Articles Mobile App Development – What Technology should I use?

Mobile App Development – What Technology should I use?

By: Jhonny Cohen

November 13, 2016 no comments

Whether you are going to build the Mobile App on your own or you are going to hire an experienced mobile apps development company for your mobile app development,  you are still going to face the same question “What technology should I use?”.

So you decided to build a Mobile App, Congratulations! Now you are facing this question exactly. The most important thing here, is to understand that it does matter, and it’s crucial for you App success and your startup future. We will try to give you some guidelines, same guidelines we give all of our clients when they first set foot in our doors. to better understand how to answer this question we’ll need to clarify a couple of things about mobile app development.

 

Do I need a Server side for the app?

 

As a rule of thumb, yes, you will need a server for your mobile app. Most Mobile apps needs a “backend”,  a server,  to communicate with and to help them keep track of user data, app data, schedule events and push to the mobile app, process data, manage the mobile app and more. There are few cases where a mobile app doesn’t need any kind of server to operate at all (for example, a simple game, or a simple tool like flashlight app).

But as soon as you need to dynamically control the app content or keep user data you will need a strong backend to do so.
You can read more about this in this article: Why does my Mobile App need a server?

 

What Server side Technology is good for a Mobile App?

 

You can build your Mobile App server using practically any technology that is out there today, and there are more than enough platforms and languages to choose from: php, .NET, Node.JS, Java, Python, Rails, and many more.

So how do you choose? You need to pick a technology that is flexible and scalable, so you will know that once you grow the platform will not give you a hard time.

The second thing is to check how mature is the platform, which means a platform that has been thoroughly tested and used by others, a platform that is not changing every 2 days, and there are more than enough examples for these kind of platforms.

Also you’ll need to think about the community size of this platform, this is important because you need to make sure that you will be able to find strong and experienced developers once you grow, if you are using the new hot and buzzed server technology, it might be too hard for you, later on, to find good experienced developers in this technology.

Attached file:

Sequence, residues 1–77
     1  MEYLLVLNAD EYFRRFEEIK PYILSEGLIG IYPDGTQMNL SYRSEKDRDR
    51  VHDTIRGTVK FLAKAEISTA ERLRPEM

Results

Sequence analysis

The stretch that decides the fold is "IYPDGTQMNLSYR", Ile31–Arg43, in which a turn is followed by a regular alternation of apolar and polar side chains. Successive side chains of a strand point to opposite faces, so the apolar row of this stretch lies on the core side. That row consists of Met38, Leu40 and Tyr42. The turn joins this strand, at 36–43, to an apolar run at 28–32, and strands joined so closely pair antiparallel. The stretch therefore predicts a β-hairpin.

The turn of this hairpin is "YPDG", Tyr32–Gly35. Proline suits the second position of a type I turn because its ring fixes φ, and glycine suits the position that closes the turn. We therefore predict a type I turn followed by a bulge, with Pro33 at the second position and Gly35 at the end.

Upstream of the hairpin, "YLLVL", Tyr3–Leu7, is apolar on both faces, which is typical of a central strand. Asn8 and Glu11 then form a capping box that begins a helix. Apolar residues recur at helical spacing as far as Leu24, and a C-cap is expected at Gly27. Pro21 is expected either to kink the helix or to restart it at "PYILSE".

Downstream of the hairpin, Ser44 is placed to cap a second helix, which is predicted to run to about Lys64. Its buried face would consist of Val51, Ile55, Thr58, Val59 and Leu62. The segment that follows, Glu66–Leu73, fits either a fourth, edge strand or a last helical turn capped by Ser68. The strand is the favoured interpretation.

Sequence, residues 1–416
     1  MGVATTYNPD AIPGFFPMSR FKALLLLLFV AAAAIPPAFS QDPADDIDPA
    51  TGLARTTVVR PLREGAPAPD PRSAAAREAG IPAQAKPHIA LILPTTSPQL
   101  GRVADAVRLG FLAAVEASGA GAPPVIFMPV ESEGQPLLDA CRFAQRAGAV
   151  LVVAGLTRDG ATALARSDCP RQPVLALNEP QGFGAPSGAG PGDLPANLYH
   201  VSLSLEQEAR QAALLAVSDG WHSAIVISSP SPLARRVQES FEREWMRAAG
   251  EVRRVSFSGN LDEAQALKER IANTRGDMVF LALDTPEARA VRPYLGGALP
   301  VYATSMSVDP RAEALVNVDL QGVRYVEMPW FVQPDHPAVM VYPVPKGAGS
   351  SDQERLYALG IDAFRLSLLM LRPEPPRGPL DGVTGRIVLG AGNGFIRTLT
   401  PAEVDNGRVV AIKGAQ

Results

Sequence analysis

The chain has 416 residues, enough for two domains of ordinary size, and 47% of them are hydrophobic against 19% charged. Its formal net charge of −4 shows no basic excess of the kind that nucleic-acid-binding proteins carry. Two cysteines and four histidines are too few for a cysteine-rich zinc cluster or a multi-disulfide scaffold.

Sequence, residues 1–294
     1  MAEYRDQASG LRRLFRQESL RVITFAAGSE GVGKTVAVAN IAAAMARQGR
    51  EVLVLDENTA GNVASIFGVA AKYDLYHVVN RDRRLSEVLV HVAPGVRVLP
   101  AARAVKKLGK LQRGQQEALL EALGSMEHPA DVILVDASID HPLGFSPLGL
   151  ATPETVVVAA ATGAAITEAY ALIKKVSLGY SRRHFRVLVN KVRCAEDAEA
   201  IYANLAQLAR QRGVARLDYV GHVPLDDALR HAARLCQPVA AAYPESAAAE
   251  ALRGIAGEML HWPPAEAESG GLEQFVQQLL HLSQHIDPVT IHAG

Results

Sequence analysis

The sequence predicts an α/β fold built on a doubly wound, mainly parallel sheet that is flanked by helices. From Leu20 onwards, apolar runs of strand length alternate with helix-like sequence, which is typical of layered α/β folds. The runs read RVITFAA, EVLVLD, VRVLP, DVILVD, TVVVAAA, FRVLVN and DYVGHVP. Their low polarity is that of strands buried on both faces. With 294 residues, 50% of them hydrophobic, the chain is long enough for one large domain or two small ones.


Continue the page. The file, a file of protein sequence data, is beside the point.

You also would like to know that if you run into problems, there are others that are using the same tools like you and trying to fix and improve the platform.

Okay, once you get the server technology for your mobile app all figured out, it’s time to think and answer questions about the Mobile App recommended development technology.

 

Should I build Native mobile Apps or use a Hybrid Apps technology?

 

Well, let’s talk about the differences for a second.

Native app development means you are going to build two different apps in two different technologies and languages, you are going to build an Android Native App using java, and build an iOS Native app using Objective-C or Swift. Which means you’ll need at least two different developers with a very different skill-set.

If you will go with Hybrid app technology, the code needs to be written only once in one language for iOS And Android at the same time, which means you can make it with only one developer for both platforms, this is a huge benefit for a mobile app development.

Now before you get all happy (Sorry about that) and think this a very obvious choice and you are leaning towards Hybrid development, there are some major downsides to consider here. One example is using native device features. All hybrid apps have some sort of wrappers that utilize packages or libraries that allows access to native features (for example: sensors usage, camera usage, animations, etc), these packages and libraries have to be written with native code. This means you’ll either have to find a library for a needed native feature and if it doesn’t exist you will need to write your own. Also in the long run when a new native feature is added, you’ll have to wait for a package that support this feature to be available, so you won’t be able to hit the market as soon as a native written app, you might see your competitors pass you by.

Another Downside is Android and iOS mobile apps have a very different and distinct user experience and design language that they offer to their users. The classic example is that while your android users will hit the back button to go back, the iOS users will look around for the back arrow.

The biggest downside is the performance, Even the biggest fan of hybrid applications are forced to admit that native applications run faster, consume less memory and in the end gives a better user experience. Hybrid apps utilize heavily on webviews, which on it’s own takes up a decent amount of memory, actually most actions will be slower and consume more memory than the native solution.

Yes, in mobile app development, hybrid App development is great, it saves time and money,  and the technology is growing rapidly in the market, but it has many downsides. Don’t get us wrong, we are definitely not against it, As a mobile apps development company we just feel it’s not completely matured yet, and prefer to choose the path of best infrastructure  with the best user experience we can get for your app and the user in the other side of the screen.

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